Hundreds of people have been evacuated from the areas around Colima Volcano in western Mexico amid fears that ongoing eruptions might escalate, PressTV reported.
On Saturday, Mexican authorities said that more than 80 people from communities in the western Mexican state of Colima and as many as 150 others from neighboring state of Jalisco have been evacuated as the volcano is spewing more ash and lava.
The evacuation has been ordered in an area up to a radius of 12 kilometers around the crater. Traffic in the area is also restricted.
"The communities in this 12-kilometer radius are very small and don't exceed 800 inhabitants," said Luis Felipe Puente, a national civil protection coordinator.
The volcano's activity has escalated since it erupted late on Thursday. The volcano spewed out a column of four-kilometer (2.5-mile) ash late on Friday.
Mexico's Interior Ministry said the volcanic activity was "atypical, presenting conditions similar to those of 1913," when a huge eruption happened and covered the region with ash.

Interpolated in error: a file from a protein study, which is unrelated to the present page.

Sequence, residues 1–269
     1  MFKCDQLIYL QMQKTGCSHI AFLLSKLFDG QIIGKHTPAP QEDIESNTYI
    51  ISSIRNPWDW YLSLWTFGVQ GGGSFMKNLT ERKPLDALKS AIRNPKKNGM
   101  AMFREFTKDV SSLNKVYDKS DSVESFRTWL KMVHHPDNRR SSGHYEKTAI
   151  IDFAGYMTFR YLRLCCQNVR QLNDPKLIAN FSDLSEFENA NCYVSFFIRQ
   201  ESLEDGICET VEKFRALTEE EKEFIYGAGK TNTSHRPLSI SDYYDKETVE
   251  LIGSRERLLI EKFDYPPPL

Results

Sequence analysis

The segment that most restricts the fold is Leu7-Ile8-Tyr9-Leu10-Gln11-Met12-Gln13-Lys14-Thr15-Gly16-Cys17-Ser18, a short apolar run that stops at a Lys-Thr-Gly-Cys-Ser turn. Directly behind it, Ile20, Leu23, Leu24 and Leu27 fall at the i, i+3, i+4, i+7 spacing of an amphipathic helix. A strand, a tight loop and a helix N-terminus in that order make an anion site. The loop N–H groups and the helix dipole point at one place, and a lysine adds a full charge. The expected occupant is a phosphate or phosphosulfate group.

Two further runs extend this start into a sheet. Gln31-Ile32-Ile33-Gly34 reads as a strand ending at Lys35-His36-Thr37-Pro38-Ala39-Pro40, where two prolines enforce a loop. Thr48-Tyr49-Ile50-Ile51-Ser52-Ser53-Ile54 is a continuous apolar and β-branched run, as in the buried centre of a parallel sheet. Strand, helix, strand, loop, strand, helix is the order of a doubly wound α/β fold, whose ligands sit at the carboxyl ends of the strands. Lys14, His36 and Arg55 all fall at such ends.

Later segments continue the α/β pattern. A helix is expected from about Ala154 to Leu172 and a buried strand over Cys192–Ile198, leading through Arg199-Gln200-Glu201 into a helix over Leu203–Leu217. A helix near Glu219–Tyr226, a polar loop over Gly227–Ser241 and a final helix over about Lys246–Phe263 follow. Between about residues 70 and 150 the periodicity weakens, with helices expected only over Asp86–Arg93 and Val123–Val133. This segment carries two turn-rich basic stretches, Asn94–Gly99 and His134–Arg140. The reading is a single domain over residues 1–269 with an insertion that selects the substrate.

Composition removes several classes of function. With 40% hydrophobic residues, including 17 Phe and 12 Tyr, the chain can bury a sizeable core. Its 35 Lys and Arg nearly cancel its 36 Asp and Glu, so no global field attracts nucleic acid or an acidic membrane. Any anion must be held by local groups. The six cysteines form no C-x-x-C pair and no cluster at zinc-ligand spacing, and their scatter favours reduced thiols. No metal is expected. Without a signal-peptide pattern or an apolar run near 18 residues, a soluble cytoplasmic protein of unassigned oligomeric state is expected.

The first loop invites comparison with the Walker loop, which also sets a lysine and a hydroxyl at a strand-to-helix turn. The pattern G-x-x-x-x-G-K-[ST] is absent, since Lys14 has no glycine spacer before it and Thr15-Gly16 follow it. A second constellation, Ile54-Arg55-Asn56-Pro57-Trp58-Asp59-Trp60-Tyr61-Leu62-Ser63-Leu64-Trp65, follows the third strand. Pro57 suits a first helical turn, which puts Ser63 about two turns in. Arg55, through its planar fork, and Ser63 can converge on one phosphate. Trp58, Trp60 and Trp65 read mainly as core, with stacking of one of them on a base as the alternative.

The ministry further predicted that the activity may gradually wane in the coming weeks, or a 1913-like explosion might happen or the volcano's dome might collapse.
Mario Anguiano Moreno, the governor of Colima, said that flights in the city of Colima have been limited to private and commercial ones "due to falling ash in the area."
According to Mexican authorities, up to five centimeters (nearly two inches) of ash was tumbled down in the village of Yerbabuena, located at the foot of the volcano.
The residents in the city Colima have been forced to wear masks.